The Omlet Blog

Omlet Newsletter September 14th 2005

Hello,

It’s all go, go, go here at the moment.  If you haven’t visited the Omlet club for a bit there is a new library section where you will find all the past newsletters as well as so called White Papers – here.   Ok, ok they’re not that highbrow but they are fact sheets for eglu owners.  And if that’s not enough why not have a peek in the galleries – here ?  There are masses of great photos up there which don’t make it onto the star photo section of this newsletter.

And finally, there are lots more opportunities to see eglus over the next few weeks as we keep adding more dates to the Omlet tour.  This is the closest any of us have come to being in a real rock and roll band so please humour us!  We will be playing at the following festivals:

Royal Berkshire Show, 17th and 18th of September

RHS Garden Show, Malvern 24th /25th  September

South of England Show 1st /2nd of October.

Come down and dig the vibe dudes!!

 

Izzy’s unusual nest box in the runner been pot.

 

This Weeks Star Photos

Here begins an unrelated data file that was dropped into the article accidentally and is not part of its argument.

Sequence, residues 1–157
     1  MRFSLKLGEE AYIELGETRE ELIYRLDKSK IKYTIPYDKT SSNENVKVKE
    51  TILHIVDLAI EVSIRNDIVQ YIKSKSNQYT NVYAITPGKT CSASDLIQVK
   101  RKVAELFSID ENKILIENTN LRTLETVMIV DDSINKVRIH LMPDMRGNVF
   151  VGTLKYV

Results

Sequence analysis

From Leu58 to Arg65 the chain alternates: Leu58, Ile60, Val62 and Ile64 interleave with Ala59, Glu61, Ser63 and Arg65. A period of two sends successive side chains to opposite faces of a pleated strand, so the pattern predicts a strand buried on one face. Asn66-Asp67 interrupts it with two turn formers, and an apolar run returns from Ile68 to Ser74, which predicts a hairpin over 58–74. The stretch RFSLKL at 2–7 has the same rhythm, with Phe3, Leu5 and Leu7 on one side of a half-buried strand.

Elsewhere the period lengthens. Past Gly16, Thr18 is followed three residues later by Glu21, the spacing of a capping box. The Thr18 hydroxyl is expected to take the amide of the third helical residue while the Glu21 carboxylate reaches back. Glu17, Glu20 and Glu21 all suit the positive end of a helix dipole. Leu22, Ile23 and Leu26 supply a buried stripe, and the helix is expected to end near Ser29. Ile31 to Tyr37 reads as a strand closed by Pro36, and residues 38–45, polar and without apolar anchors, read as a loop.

Carwash the cat started to get desperate
for attention after the chicken arrived!

 

Aggie the rabbit can’t believe that
he gets to live in a gaint carrot.

Barbara’s Weekly Diary!

Rules and Regulations! Don’t fall “fowl” of the law. ( sorry !! )

Hard to believe that any one could have something against you keeping a couple of lovely hens in your own garden! But I do get lots of emails from people asking whether there are any laws which prevent them from doing just that.   I phoned my local council and after chatting to a friendly chap found out that there aren’t any bylaws in my county and that this is the case generally.  He did point out that it is a good idea to check your house deeds or rental agreement in case there are any clauses which would prevent the keeping of chickens and livestock in your garden. This is rare but occasionally new houses and some older ones do have this written into the deeds.  If this is the case, don’t despair!  The only people likely to know or object to the chickens are your neighbours so it is well worth having a word explaining that the hens won’t be noisy, they won’t smell and that they might even get some eggs every now and then. Thankfully most of the time no one minds and neighbours are often fascinated to see hens in your garden, you could even find that they volunteer to look after the hens for you when you go on your hols!